Elizabeth Ruskauff

Elizabeth Ruskauff describes how a love of books and reading influenced her life:

I had my first experience with books written specifically for young people at the age of 14. I was babysitting and stumbled upon the “Cherry Ames” series in which the heroic nurse saves the day. Inevitably I was led to the Nancy Drew mysteries. These were easy reads, and I was done in a flash. Of course, I wanted more. More wasn’t easy to come by in the small town in Wisconsin where I grew up. There was no bookstore. My school had no library. My education was “no frills” and I found textbooks dull.

That scarcity may account for my love of language, especially as used by Shakespeare. I was captivated by the language of his plays. Rich, layered, full of nuance and humor. I also love Jane Austen; the way she uses language to paint pictures and define characters. You practically feel their presence.

I received my primary school education in a world very different than the one we live in now. In the late 1930s children received little personal attention from a teacher. Kids who could not read well were considered slow. Hinderances—poor vision, dyslexia—weren’t commonly considered. There wasn’t much effort to discern the special, unique interest and talents of children and to appeal to those interests through literature. I like Page Ahead’s approach: supplying kids with new books and with the opportunity to choose those books.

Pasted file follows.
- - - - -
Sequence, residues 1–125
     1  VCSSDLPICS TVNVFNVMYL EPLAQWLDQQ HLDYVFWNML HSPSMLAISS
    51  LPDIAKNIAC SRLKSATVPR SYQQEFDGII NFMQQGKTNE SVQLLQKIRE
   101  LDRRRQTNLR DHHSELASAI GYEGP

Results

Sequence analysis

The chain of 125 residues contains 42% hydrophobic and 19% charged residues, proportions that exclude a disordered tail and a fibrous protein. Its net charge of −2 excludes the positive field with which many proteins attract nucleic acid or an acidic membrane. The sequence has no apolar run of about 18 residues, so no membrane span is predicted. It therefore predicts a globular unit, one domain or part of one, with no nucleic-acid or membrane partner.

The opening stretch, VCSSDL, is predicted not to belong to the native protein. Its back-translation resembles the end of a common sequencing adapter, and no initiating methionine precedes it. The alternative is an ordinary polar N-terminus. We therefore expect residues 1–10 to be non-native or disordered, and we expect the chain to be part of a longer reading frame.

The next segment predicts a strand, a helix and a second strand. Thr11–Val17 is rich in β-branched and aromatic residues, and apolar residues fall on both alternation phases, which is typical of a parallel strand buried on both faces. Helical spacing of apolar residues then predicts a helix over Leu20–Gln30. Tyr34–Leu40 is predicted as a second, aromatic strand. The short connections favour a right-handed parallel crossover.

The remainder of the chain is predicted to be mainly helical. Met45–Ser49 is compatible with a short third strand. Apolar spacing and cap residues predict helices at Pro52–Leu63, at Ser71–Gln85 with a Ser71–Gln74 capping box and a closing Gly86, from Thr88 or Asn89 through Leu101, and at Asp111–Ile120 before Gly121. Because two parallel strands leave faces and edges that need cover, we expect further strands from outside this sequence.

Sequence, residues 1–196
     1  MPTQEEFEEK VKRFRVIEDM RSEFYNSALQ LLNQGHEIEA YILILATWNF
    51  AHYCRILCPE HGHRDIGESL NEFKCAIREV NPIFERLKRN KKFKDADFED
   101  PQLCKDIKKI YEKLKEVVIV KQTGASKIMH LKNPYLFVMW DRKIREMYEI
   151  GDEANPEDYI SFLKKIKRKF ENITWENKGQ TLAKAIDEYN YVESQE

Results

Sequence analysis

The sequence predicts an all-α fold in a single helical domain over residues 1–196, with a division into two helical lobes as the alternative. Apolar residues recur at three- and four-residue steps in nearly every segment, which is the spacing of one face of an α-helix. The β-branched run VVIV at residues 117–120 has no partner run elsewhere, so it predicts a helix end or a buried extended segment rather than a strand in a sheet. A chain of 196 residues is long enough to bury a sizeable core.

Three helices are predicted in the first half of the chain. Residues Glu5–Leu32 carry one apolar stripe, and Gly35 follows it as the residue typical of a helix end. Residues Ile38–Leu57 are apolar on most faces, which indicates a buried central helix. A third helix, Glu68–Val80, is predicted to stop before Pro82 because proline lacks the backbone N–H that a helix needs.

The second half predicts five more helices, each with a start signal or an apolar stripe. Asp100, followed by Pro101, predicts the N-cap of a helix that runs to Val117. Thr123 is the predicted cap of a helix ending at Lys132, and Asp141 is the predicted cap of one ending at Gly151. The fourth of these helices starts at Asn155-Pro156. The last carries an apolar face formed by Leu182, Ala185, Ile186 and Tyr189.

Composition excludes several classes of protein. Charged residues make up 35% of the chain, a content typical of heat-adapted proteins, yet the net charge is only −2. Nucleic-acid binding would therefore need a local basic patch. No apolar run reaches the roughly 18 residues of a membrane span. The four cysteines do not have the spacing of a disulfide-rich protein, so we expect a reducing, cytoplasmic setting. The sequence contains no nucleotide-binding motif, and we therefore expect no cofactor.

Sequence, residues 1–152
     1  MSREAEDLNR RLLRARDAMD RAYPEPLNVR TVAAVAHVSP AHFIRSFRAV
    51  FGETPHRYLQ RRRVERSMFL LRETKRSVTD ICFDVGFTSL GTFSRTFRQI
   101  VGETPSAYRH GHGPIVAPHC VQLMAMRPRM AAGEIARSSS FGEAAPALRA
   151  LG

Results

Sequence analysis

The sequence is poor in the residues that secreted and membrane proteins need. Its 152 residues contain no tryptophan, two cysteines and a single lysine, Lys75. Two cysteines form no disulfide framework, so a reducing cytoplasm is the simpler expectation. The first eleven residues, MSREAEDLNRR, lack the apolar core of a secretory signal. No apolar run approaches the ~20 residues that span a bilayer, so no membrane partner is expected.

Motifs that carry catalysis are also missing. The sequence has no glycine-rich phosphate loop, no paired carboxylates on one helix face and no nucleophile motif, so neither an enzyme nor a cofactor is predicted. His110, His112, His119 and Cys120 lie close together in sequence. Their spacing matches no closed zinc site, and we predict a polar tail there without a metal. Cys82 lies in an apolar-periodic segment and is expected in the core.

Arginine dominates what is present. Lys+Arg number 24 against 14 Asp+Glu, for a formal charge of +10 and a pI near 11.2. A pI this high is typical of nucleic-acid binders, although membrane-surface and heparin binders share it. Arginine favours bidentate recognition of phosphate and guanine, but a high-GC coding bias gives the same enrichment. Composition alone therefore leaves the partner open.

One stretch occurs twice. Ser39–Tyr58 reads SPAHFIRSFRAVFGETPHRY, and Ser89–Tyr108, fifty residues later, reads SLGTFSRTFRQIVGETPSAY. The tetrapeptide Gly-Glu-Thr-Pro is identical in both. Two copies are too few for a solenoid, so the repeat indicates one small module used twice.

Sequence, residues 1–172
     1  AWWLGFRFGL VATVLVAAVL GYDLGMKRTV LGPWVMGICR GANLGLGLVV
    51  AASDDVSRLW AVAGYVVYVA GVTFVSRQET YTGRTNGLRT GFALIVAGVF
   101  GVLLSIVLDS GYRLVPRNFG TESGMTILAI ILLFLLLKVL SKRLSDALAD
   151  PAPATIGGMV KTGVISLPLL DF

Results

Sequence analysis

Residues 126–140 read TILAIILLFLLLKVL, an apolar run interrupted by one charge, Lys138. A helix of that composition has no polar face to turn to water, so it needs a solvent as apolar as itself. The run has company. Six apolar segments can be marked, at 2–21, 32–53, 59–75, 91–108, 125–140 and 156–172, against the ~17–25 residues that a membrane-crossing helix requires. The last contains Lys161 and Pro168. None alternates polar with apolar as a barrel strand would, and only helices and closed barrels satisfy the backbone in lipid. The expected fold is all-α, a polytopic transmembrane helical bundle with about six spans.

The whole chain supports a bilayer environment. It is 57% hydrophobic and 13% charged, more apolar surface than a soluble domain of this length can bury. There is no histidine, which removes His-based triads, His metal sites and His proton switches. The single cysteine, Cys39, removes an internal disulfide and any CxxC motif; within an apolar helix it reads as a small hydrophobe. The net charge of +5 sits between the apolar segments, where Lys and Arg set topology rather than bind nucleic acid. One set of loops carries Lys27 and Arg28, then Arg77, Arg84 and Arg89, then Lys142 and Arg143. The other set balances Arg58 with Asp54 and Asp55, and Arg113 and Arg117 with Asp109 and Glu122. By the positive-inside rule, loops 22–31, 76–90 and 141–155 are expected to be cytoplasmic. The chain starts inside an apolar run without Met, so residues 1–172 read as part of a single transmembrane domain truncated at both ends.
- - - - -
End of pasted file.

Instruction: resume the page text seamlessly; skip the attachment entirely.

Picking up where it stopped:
As a young adult, I began to see touring productions of musicals. I found I had no trouble suspending disbelief. Literature and theatre are somewhat similar: in books, you see the action in your head; in theatre, you see it on stage. My life has given me lots of practice in living in my mind, which gives me an easy ability to enter the world of fiction. I have placed myself smack dab in the center of Seattle, because of access to the cultural opportunities that feed my soul. Shakespeare performed on a bare stage—what could be better? Well, perhaps cheesecake at intermission.